Comedy critiques aside, Hamill has nothing but kudos for his longtime friend George Lucas. Would he consider working with Lucas again, posibly on the upcoming prequels to the original trilogy? "Working with George was what I consider to be one of the great experiences of a lifetime. If the guy wanted me to come up and cut his lawn. I'd think long and hard about it," he laughs.

"Somebody called and said that George wanted to sign me for a fourth movie. I said that I thought it was a trilogy. They told me that it was more of a merchandising thing. In other words, if he could sign all of us for yet another installment, it would be better for his merchandising deal. I don't know about Harrison or Carrie (Fisher), but I gladly signed on for a fourth film. Whatever that option was, a year or two, it expired long ago. It was more as a favor to George. I think that at one point, he mentioned that Luke does a brief turn in the ninth one, when he hands Excalibur down to whatever young hope that would be next. (laughs) Whatever generation that would be!"

"George Lucas actually told you about the ninth film in the series while still making the first?" I asked. "Yeah, it was like casual chit-chat in the deserts of Africa. I was asking him when this was going to be, and I think he said something like 'Ummm 2011.' I was just absolutely shocked at the scope of it all. He even told me, originially envisioning a fourth trilogy that he had pared it down from twelve stories. I was just getting the tip of the iceberg. Not only that, but it seemed that this project had deep roots that I was only marginally aware of at that time. Of course, this may all have been changed. One of the things that George does well is adapt. I don't think, for example, that Lando Calrissian was origianlly part of the plan. Harrison, it turns out, was the only person that didn't have a three picture deal. What I remember hearing was, 'Uh-oh, Harrison might not be in the second on.' I think that's when the Lando character came in. I never spoke to (Harrison) about it , because by the time I saw him again, he was already on board for the second outing. But, it may have been done just in case. Look, if I hadn't signed for number two, and I didn't want to do it, you bet they would have found the long-lost Jake Skywalker or something like that," he says, only half-joking. "Of course, I take all of those things with a grain of salt, because he said this all those years ago."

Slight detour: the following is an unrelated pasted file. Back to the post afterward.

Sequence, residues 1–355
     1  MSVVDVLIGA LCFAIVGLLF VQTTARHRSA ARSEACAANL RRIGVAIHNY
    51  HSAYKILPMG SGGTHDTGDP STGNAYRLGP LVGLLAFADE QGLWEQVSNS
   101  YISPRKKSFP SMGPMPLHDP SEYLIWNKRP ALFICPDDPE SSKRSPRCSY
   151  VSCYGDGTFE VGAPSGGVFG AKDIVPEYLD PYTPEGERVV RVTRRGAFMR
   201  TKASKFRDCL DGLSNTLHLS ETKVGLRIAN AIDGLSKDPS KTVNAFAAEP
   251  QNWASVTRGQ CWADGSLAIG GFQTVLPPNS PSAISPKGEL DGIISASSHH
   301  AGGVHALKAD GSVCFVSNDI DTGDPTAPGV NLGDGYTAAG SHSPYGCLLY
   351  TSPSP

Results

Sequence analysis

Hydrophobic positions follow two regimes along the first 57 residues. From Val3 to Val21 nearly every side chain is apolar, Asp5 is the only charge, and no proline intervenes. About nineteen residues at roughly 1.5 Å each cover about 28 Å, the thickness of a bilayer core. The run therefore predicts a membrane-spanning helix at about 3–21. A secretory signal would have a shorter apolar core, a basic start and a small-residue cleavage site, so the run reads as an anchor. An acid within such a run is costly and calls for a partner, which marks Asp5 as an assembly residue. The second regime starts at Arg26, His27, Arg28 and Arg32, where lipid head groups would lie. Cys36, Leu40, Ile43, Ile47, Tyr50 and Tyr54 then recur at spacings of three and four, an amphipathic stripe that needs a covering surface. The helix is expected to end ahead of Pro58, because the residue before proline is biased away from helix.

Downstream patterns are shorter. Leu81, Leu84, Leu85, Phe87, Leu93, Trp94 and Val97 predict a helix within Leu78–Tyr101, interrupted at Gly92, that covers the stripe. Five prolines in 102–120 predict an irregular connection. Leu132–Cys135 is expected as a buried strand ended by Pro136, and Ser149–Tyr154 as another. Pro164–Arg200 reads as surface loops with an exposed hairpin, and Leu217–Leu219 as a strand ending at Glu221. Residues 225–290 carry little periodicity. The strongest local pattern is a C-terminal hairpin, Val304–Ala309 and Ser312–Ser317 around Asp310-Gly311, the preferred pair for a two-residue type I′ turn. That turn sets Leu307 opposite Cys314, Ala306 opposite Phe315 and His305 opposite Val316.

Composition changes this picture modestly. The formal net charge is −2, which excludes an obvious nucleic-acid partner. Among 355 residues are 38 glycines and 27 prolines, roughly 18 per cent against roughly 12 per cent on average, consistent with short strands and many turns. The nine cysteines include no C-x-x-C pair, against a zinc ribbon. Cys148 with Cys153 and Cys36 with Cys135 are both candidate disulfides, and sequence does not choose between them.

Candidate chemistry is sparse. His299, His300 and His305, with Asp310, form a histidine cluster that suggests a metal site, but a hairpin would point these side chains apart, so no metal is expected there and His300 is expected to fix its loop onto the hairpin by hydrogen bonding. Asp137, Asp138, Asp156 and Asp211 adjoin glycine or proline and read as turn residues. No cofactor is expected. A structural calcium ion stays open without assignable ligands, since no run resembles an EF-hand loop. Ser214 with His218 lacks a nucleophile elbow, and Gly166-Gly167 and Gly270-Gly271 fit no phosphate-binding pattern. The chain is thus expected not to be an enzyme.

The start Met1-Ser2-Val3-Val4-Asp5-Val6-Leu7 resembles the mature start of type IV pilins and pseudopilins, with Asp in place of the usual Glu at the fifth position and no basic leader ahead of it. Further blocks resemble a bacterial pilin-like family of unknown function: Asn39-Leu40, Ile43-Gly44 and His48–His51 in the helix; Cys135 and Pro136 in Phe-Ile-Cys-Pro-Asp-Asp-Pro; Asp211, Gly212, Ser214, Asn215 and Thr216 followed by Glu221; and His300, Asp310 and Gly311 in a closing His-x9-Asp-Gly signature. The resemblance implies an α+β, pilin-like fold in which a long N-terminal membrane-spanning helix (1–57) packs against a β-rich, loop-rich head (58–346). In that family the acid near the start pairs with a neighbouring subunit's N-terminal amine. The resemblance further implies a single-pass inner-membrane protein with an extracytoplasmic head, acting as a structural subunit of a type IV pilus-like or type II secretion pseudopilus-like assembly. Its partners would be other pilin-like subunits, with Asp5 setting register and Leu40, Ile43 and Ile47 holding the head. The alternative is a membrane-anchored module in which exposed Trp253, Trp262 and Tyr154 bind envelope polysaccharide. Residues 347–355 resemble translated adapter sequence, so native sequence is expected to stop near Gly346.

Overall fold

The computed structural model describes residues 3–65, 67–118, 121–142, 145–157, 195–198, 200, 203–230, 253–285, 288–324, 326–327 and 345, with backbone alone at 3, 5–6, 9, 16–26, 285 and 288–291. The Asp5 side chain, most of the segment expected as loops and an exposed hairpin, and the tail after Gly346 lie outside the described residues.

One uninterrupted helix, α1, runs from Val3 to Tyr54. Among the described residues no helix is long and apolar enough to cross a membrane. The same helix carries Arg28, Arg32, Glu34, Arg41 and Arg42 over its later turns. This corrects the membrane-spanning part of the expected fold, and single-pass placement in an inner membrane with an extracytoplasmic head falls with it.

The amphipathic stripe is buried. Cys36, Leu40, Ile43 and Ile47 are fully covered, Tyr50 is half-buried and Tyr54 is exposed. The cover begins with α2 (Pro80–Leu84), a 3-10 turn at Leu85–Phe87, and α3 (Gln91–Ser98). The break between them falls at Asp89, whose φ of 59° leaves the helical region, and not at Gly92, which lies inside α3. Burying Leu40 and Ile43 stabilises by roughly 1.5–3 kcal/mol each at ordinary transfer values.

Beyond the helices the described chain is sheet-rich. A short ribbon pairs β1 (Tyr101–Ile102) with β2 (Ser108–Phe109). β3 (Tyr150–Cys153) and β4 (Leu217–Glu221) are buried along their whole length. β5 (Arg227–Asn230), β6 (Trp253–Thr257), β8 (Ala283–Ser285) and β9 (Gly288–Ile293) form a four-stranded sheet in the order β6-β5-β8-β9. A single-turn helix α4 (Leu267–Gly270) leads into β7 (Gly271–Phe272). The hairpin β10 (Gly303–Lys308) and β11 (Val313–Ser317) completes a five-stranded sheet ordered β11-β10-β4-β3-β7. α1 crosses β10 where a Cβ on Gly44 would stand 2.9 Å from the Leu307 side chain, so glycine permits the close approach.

Not everybody, it seems, was initially thrilled with the idea of messing with the original trilogy. "At first, I was just appalled," Hamill confesses. "After all, George works so hard for film preservation, protecting the integrity of original films. The big differences here, of course, is that he's the one doing the work. It's not like George has passed on, and someone else came in and said 'You know what? Let's put Chris O'Donnell in as Luke and just digitally remove Mark.' It's not like that."

Hamill recalled another great director's dismay over another cinematic classic. "I heard a quote from Billy Wilder regarding the fact that one of his biggest regrets was that he never got to go back and re-cut Sunset Boulevard. Re-cut Sunset Boulevard? And he wasn't even talking about re-release! It was just because something about the original cut bothered him. Well, that really struck me. So, I tried putting on the George Lucas cap. Plus, there's the task of integrating the first three films into a nine-part whole. The technical upgrades of the first trilogy. I think, are more about the new (prequel) trilogy. Because it's integrating the first three into an eventual nine."

With all the re-working of the initial films, were there any missing scenes included with Hamill in them? "Luke has an argument with his uncle and he meets up with Biggs Darklighter, who was played by Garrick Hagon, and this girl that Luke sort of has a crush on named Cammie. She was played by Koo Stark, who gained some noteriety here from her involvement with Prince Andrew. Basically, what I like about those scenes was that it showed Luke in his own environment. He was definitely not the coolest kid in school. His friends ridiculed him for being just a farmboy. It also established that he was a great pilot, but that he was also impetuous and impatient. When Biggs, whom Luke idolizes, is there in his Imperial uniform, Luke is just thrilled. At that point, Luke wants to join the Empire. When Biggs finally confesses to Luke that he plans to jump ship and join the Rebellion, Luke is totally shocked! It becomes that moment in Luke's life where he first begins to question authority, which I felt was very significant. It's also important because (Biggs) is also one of the pilots making the final assault on the Death Star. He does a suicide move that allows Luke to slip past and, in the process, he is killed. It's like a World War II 'Let's do it for Johnny' kind of moment. It gave the scene a kind of emotional resonnance that's just not there when you exice that entire storyline."